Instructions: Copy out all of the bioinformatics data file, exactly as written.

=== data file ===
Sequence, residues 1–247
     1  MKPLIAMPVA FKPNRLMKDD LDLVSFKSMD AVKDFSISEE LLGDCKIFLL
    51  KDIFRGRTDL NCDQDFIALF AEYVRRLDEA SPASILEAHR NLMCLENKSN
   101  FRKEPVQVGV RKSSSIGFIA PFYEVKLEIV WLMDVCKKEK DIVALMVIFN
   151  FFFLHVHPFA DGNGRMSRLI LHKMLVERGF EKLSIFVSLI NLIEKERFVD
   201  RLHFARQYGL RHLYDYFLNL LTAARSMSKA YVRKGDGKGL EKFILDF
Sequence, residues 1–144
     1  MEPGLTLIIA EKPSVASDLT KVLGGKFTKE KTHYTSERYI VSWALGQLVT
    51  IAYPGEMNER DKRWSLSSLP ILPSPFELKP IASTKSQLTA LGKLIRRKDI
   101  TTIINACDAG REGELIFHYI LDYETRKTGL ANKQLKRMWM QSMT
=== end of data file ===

Sequence, residues 1–247
     1  MKPLIAMPVA FKPNRLMKDD LDLVSFKSMD AVKDFSISEE LLGDCKIFLL
    51  KDIFRGRTDL NCDQDFIALF AEYVRRLDEA SPASILEAHR NLMCLENKSN
   101  FRKEPVQVGV RKSSSIGFIA PFYEVKLEIV WLMDVCKKEK DIVALMVIFN
   151  FFFLHVHPFA DGNGRMSRLI LHKMLVERGF EKLSIFVSLI NLIEKERFVD
   201  RLHFARQYGL RHLYDYFLNL LTAARSMSKA YVRKGDGKGL EKFILDF
Sequence, residues 1–144
     1  MEPGLTLIIA EKPSVASDLT KVLGGKFTKE KTHYTSERYI VSWALGQLVT
    51  IAYPGEMNER DKRWSLSSLP ILPSPFELKP IASTKSQLTA LGKLIRRKDI
   101  TTIINACDAG REGELIFHYI LDYETRKTGL ANKQLKRMWM QSMT